This is not the first time surveillance cameras have caught thieves in their illegal acts. If you get packages delivered to your home, or have other reasons to increase security, you may want to consider installing a surveillance camera. There are many possibilities available. I will cover this in more detail in the February Tips.



What You May Need to Know about Your Gifts  

A few warnings for those who found TVs and smartphones under the tree this year...


Smart appliances may be too smart for our own good. Take smart TVs, for instance. As this article illustrates, some of these new appliances are particularly vulnerable to hackers. Once compromised, the TVs allow access to account information, including login credentials (which owners may use for access to more than just their smart-TV account). Even scarier, hackers could gain access to front-facing cameras to see everything happening in the room where the TV is connected. Instead of you watching your favorite program, criminals may be watching you!    




As many people get new smartphones for holiday gifts, they will be tempted to sell their old devices. If you're one of them, keep this story, reported by a Virginia ABC affiliate, in mind (Thanks to my friend Chris Duque for pointing out this article.):


McAfee online security expert Robert Siciliano did a little experiment; he purchased 30 different devices from craigslist, including laptops, notebooks, iPads and smartphones.


"I asked every single person if they re-installed the operating system or reformatted the drive, and they all said yes," Siciliano said. "On more than half of the devices, I found enough information to steal identities or, in some cases, even get people into trouble."




The takeaway? Be mindful that erasing your personal data from your devices requires more than a delete button. Here's a good resource  for learning how to sufficiently wipe your smartphones, tablets, computers and more before handing them off to a stranger.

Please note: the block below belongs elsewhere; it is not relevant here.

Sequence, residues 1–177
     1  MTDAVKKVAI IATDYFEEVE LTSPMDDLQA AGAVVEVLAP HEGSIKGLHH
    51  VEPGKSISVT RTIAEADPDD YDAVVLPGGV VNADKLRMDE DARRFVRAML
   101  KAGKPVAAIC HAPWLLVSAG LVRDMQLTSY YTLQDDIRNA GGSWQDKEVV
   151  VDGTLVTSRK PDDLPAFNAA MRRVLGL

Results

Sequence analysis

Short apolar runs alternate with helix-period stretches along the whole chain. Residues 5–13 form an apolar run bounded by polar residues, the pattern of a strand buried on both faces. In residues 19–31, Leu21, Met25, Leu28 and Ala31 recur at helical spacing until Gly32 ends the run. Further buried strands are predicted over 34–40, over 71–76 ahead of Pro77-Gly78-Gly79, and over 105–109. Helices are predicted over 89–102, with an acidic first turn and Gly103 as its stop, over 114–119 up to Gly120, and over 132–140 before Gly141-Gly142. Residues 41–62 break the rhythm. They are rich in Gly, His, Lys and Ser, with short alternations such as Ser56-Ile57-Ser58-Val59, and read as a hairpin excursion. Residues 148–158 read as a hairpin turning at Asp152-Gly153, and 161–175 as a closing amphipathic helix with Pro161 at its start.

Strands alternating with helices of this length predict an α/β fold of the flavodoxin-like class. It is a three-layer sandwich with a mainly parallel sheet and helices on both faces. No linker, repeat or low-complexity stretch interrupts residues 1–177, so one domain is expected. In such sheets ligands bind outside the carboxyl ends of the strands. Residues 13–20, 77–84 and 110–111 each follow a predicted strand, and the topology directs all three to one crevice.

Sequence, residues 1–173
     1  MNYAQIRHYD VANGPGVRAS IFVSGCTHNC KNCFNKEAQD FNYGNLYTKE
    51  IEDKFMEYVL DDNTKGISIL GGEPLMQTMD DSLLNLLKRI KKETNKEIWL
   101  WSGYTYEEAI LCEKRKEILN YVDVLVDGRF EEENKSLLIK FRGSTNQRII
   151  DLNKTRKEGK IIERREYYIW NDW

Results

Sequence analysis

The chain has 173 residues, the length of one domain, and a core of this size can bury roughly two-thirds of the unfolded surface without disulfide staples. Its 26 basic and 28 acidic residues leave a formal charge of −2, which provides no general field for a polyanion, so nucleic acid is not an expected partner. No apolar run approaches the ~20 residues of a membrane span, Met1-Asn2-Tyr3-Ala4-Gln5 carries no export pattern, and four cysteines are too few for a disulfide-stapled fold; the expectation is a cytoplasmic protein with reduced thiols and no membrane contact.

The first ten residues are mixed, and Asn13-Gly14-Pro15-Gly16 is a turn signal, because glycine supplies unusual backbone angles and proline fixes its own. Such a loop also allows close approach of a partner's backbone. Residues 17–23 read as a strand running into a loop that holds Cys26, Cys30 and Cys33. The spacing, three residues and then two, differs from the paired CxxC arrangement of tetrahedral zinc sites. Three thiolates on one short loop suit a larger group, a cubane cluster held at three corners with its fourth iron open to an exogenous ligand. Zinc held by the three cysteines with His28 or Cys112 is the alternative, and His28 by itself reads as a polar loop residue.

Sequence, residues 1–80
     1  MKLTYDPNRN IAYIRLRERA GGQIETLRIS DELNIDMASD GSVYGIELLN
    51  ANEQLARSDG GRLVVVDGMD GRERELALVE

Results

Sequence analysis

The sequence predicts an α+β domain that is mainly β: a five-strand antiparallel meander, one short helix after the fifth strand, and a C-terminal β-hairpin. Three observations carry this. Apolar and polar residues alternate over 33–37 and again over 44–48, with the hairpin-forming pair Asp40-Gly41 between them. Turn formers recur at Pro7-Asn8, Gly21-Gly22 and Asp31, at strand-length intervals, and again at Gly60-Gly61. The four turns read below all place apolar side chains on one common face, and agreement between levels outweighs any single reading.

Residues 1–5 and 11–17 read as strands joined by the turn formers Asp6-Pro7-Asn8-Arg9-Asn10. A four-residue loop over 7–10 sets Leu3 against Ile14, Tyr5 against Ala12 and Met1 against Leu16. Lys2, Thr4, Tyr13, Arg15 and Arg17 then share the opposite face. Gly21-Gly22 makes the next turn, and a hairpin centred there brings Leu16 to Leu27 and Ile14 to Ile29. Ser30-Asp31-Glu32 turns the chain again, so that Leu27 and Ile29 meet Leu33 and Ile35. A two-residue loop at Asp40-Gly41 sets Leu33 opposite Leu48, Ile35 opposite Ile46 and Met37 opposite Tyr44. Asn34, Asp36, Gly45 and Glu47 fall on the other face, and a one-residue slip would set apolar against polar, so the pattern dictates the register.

Privacy Professor in the Classroom

I really enjoy educating audiences of all different backgrounds on the how-to's of privacy protection. If you're interested in attending one of my talks, here is an upcoming opportunity:


January 9, Webinar: Where Do You Draw the Creepy Line? Privacy, Big Data Analytics and the Internet of Things. Register here. (Attendees eligible for 1 hour CPE)


Need Help?


If you need any help with information security or privacy training and awareness, or if you must comply with HIPAA and need help (especially important now that the Omnibus Rule has gone into effect), please check out my Compliance Helper site or get in touch with me; I would love to help you!


You Have My Permission to Share


I receive a lot of requests to repurpose the information contained in these Tips messages, so I wanted to drop a quick note in here to say, "Yes, I approve!" Please use the following attribution so that others will know where to find me if they have additional questions about the material you pass along.


Source: Rebecca Herold (a.k.a. The Privacy Professor),



As you make your own New Years resolutions, I hope you'll consider including privacy-risks education on the list. Whether you're in the position to teach or to learn, you will be building a larger awareness of issues that are becoming increasingly important for everyone. I'll continue to do my part as both an educator and a life-long student of data privacy and security... if I can help your organization in 2014, I hope you'll get in touch.




Blessings for a wonderful 2014...Happy New Year!! 



The Privacy Professor®
Rebecca Herold & Associates, LLC
Mobile: 515.491.1564